During the busy seasons, CPA firm staff and supervisors are focused on their clients. For the best employees, the volume of work never distracts from the quality. But in crunch time, anyone can develop bad habits that can bleed over into regular operations. The future success of any CPA firm depends on nurturing best practices both individually and organizationally; identifying these as well as those bad habits is one of the goals of the performance evaluation. Performance evaluation time is an opportunity to revisit the overall objectives of the firm. Which activities are advancing those objectives, and which are standing in the way of progress? This is a time to stop, take a breath, and assess how well the contributions of the staff are adding to positive growth.
There is no one-size-fits-all approach for staff performance evaluations. The most effective tend to reveal what’s working and what isn’t – and plan for the future. It is important that firm leadership identify key themes of low performance across staff, but making this the focus of the evaluation period could have unintended consequences; reviews could begin to feel punitive, isolating high-performing employees by making their efforts feel unappreciated. If recurring themes of underperformance are uncovered, this could indicate that the firm may need to make changes to training or other support that the firm is providing to its staff.
Successful evaluations typically have a positive tone. They involve a meaningful, balanced conversation between staff and management regarding all aspects of past performance relative to their peers and their future career development. Past performance is used to identify key themes, lessons, and indicators for future development. In situations where staff performance falls on the low side, it is important to understand the contributing factors. This relies upon an open and honest dialogue, and requires the employee to feel free to express themselves without reservation. When successfully completed, an evaluation results in a specific performance plan to address low performance, or one to perpetuate already high performance.
Traditionally, CPA firms engage in formal, semiannual documented staff performance evaluations (mid-year and year-end). Staff, however, often crave more “real-time” feedback. As result, firms are increasingly encouraging supervisors to provide “on-the-job” feedback during the course of projects and not wait until evaluation time. As a best practice, firms are often requiring supervisors to document feedback at the close of projects while staff performance is still “fresh” in their minds. This allows supervisors to provide feedback to staff that they can use to take immediate action to correct or improve their performance, which benefits both parties. This approach is often successful, and some larger CPA firms are moving away from the traditional performance evaluation approach as a result.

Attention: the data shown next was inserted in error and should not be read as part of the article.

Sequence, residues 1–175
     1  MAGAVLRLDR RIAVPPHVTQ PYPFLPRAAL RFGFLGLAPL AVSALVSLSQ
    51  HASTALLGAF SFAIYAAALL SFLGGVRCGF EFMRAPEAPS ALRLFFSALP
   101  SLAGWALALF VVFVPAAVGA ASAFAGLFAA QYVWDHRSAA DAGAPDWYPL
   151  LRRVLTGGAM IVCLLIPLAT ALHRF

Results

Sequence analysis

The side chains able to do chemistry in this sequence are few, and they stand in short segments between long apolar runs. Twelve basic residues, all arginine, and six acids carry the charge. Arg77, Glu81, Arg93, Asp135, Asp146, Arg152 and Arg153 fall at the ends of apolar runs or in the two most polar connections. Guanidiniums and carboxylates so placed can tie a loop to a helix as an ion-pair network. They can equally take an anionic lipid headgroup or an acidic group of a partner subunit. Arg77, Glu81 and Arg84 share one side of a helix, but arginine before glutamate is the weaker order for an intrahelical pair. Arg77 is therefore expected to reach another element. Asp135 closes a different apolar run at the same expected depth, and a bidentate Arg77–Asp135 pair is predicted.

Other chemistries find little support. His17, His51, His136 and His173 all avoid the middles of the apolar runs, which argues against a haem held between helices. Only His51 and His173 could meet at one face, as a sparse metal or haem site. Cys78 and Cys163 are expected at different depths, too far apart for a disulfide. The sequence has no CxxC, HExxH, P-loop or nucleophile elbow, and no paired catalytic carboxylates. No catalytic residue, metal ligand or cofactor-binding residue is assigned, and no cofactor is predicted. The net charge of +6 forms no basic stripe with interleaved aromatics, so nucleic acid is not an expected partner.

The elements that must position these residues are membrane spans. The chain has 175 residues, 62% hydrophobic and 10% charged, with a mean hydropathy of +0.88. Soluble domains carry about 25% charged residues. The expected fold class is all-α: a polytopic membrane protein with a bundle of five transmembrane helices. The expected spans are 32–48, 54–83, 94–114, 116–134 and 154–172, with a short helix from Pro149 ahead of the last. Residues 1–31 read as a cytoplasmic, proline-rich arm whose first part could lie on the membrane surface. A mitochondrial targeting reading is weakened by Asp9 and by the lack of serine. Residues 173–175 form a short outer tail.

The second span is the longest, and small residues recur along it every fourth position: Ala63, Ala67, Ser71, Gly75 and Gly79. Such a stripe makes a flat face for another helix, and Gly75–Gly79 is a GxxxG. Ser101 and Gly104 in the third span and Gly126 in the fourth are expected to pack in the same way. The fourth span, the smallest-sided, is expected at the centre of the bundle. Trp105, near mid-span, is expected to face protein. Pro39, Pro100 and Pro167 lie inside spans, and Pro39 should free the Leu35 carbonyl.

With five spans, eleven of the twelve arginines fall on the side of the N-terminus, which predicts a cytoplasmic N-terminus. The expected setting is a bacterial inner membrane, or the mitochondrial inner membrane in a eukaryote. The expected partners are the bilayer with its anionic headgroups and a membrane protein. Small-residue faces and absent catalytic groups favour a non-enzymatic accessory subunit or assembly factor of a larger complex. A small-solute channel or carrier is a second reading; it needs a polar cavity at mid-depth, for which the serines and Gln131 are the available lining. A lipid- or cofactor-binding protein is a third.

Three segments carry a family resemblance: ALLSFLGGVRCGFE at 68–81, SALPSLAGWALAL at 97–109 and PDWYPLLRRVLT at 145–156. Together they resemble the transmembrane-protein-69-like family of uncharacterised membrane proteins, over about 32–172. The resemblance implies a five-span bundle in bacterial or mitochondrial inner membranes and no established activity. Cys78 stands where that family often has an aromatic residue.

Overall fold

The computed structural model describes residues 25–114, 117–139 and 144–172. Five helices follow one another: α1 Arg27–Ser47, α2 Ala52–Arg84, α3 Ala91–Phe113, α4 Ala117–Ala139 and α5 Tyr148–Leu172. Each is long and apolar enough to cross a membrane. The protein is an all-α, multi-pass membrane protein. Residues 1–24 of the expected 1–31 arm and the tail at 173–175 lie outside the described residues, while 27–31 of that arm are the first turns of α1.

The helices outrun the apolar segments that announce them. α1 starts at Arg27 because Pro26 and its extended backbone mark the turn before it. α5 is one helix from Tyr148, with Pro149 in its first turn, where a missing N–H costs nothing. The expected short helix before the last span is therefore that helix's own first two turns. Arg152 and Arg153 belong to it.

Feedback is only one element of the evaluation process in a traditional approach, however. The evaluation process involves having:
- Established performance evaluation criteria based on the CPA firm’s objectives. Generally, performance criteria are defined for each staff level based on the CPA firm’s objectives. These criteria are then used by the staff at the beginning of the year to set individual goals upon which the staff will be measured. During the performance evaluation, the staff will generally self-assess their performance against the criteria using a scale (generally a 5-point scale). The CPA firm will use this same criteria and scale to arrive at an overall score for the staff member relative to their peers.
- Feedback from supervisors. For a fair and transparent process, documented feedback must exist and be the sole foundation for the review (not opinions or hearsay). Feedback must be balanced between high and low performance, provide examples of specific observed performance behaviors, and recommend actions for future development.
- Counselor preparation and representation. In larger CPA firms, where firm leadership does not necessarily work directly with all staff, counselors play a critical role in the evaluation process. Counselors are responsible for reviewing diligently and following up with supervisors on feedback provided for the counselors’ assigned staff, identifying key performance themes, engaging in meaningful, open, and objective conversations with their assigned staff regarding performance and future development, and accurately representing their assigned staff before firm leadership for overall rating relative to their peers.
When appropriately designed, the staff performance evaluation process can benefit both the CPA firm and its staff. Given the pressures and deadlines inherent in CPA work, staff want recognition and transparency with respect to their performance. They expect constructive assessments of their career development. They also want to understand how they are contributing to the future success of the firm. If a CPA firm’s staff performance evaluation process can provide these answers, then the firm can give itself a huge boost toward achieving positive staff engagement and productivity, minimize staff turnover, and continue strides toward meeting the firm’s objectives.